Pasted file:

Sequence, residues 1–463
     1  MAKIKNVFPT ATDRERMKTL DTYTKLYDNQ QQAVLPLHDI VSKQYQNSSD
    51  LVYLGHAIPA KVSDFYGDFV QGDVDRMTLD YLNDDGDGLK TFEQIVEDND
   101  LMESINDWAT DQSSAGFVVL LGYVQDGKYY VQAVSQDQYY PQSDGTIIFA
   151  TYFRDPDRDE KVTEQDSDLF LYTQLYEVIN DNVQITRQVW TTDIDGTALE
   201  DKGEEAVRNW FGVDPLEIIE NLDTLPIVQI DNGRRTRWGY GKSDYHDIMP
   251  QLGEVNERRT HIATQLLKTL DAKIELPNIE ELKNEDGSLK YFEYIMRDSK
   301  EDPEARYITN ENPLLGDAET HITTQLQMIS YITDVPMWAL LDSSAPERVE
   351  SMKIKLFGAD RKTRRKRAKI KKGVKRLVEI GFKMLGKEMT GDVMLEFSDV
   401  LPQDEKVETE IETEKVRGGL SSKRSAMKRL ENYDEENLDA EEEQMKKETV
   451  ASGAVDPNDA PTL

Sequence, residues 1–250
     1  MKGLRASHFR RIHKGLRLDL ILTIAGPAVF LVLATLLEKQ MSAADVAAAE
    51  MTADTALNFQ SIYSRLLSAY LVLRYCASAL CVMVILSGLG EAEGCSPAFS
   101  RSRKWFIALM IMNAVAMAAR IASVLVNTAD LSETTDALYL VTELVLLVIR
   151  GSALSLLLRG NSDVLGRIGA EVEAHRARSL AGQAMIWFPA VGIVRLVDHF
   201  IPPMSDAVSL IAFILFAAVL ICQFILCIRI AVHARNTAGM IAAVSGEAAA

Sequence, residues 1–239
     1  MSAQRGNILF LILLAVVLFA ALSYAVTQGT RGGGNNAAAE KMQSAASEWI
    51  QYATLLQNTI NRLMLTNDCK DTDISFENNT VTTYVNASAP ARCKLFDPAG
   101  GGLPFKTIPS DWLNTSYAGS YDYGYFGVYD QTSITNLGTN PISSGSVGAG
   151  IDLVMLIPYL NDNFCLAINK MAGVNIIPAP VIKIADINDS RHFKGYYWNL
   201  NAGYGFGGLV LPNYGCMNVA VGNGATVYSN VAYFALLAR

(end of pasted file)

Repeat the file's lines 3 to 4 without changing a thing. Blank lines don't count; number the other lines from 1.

    51  LVYLGHAIPA KVSDFYGDFV QGDVDRMTLD YLNDDGDGLK TFEQIVEDND
   101  LMESINDWAT DQSSAGFVVL LGYVQDGKYY VQAVSQDQYY PQSDGTIIFA